I have a studio in my apartment. It’s not in my bedroom though, haha. That would have been way too small. I have a lot of shit. I also have a place that I rent monthly, where I keep my drums etc. I play music with some of my friends there as well.

What’s the story behind your gorgeous debut LP release “Then It’s Not The End”? You say you were suddenly confronted by life and death. What were you experiencing/feeling/listening to at the time? How much of the production is sample-based? Who are your features and how did they come about?

A close friend sadly passed away during the recording of this album. That was hard. Very hard. It really got to me and I had to struggle to be able to enjoy the simple things in life again. It felt like everything was pointless. But somehow it confronted me with feelings that fueled me as a musician. It took me to some dark places, but I learned a lot as well. It sounds lame, but I learned that I need to cherish every moment in life and realize how much love there actually is. Everywhere. The good will always conquer the bad I think. I had a huge avant-garde/free-jazz period at the time and I wanted to fuse that kind of thing with a new and fresh sound, but still keep it organic. Know what I mean? There are some samples in there, mostly ambient/nature sounds, but I also sampled some instruments and small melodies. The whole thing is mainly played by me though. I mean I composed and structured nearly everything. The samples merely helped me to get a vibe going.  I’ve got two official features on the album. One from Mr. Vasilios Bartziokas, who’s a multitalented musician from my hometown Borås. The other one is Mr. Floyd Locc aka PeaKing and he’s from Palm Springs, LA. He’s an electronic genius according to me and really knows how to bend sounds in an interesting way. He’s really the master of Lo-Fi, haha.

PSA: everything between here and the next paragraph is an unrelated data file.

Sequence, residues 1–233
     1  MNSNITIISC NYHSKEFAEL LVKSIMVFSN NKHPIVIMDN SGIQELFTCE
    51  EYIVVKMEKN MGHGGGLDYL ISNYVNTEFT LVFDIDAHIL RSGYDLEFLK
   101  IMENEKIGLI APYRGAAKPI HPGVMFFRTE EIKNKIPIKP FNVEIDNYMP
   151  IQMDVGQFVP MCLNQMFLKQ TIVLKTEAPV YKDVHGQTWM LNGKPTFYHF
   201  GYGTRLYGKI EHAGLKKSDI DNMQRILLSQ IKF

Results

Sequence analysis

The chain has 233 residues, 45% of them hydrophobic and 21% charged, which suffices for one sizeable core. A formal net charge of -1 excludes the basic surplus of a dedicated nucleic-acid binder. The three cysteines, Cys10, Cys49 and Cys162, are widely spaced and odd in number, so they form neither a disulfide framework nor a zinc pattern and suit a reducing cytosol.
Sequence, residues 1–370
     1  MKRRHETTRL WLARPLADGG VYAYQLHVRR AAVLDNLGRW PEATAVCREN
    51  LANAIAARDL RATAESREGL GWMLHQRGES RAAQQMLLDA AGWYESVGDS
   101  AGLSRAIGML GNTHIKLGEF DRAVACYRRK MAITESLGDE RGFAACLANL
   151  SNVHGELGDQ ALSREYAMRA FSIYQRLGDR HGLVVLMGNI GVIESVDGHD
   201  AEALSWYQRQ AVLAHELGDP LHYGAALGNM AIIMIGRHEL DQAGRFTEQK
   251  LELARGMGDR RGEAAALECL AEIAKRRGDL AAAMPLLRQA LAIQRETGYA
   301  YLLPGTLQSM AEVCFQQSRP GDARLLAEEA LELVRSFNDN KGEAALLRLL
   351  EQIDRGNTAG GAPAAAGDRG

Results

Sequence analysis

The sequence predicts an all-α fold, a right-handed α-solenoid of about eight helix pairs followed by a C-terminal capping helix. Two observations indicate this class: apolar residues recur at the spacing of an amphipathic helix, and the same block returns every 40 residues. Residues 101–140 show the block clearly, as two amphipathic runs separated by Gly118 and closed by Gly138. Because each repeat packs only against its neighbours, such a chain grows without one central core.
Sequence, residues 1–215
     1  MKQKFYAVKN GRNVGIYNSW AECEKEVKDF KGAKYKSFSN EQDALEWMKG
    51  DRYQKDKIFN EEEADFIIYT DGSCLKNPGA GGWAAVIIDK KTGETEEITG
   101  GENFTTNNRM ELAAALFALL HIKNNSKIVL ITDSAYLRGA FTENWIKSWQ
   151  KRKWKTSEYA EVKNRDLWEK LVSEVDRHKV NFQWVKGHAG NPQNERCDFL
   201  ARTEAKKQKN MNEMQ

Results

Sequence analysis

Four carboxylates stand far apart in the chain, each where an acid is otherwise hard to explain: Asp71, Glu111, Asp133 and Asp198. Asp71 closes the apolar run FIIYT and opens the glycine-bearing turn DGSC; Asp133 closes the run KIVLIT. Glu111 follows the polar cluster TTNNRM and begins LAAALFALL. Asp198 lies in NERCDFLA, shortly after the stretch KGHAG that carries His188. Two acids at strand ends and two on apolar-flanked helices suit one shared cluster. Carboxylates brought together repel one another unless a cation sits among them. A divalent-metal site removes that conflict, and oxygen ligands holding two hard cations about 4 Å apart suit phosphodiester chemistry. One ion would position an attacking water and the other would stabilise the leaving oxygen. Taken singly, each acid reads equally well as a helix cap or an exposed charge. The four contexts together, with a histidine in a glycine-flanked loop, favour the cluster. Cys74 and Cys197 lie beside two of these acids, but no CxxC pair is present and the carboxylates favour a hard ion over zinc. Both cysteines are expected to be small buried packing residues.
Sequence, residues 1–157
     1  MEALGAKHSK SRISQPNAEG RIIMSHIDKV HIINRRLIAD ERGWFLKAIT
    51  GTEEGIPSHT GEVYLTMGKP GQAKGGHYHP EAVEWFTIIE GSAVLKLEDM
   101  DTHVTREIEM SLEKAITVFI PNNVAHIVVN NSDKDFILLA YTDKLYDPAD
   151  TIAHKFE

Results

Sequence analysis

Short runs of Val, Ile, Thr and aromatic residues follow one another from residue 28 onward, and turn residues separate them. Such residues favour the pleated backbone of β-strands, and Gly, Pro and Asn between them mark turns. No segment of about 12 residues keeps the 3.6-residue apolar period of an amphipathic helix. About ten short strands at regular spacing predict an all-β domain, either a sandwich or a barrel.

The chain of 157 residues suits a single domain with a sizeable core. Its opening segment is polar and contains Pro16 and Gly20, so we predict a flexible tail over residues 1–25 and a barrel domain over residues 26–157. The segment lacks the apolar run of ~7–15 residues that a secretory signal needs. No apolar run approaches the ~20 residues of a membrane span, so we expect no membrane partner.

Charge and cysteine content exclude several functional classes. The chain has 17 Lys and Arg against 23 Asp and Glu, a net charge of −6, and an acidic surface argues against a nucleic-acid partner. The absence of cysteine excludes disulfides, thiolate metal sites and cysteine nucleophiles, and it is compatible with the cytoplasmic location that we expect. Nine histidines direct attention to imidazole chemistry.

How did you end up releasing the LP via RadioJuicy/UrbanWaves?

I’ve had a long relationship with Urban Waves and they started to collaborate with Radio Juicy, and rightfully so. They go well together. Urban Waves gave me total artistic freedom while recording this album and let me do whatever I wanted. I deeply respect that and I think that is pretty rare today. They supported me through it all and I am forever grateful. That goes for Radio Juicy as well. I respect them both very much. That’s why I fuck with them.

Next up is “The Forgotten Continents” EP, which recently received some love from the great Talib Kweli. Tell us a bit about this project. In what way does it build on the previous LP. Any new thoughts or ideas? Or is it more a continuation of your personal journey through sound?

“The Forgotten Continents” is the aftermath of “Then It’s Not The End”. Sort of like a happy ending, haha. When Talib Kweli mentioned Blameful Isles and the EP I just shook my head. I really couldn’t believe it. Let’s see what happens in the future. Maybe a collab?

What’s up next? Any unforeseen projects on the horizon?

Blameful Isles is currently going through a massive metamorphosis and will be a live-band from now on. We are rehearsing a lot at the moment in order to be able to get out on the road and play. It’s starting to sound really good. We will also record the follow-up to “Then It’s Not The End”. Here’s the line-up:

Guitar: Rasmus Jörgner
Drums/Saxophone: Daniel Israelsson
Congas/Percussion: Joakim Kedbäck
Bongos/Synth/Percussion: Kim Gunneriusson
Electronic artifacts/Percussion: Sebastian Midborn
Bass-guitar: Joakim Saarenpää
Piano: Felix Pastucha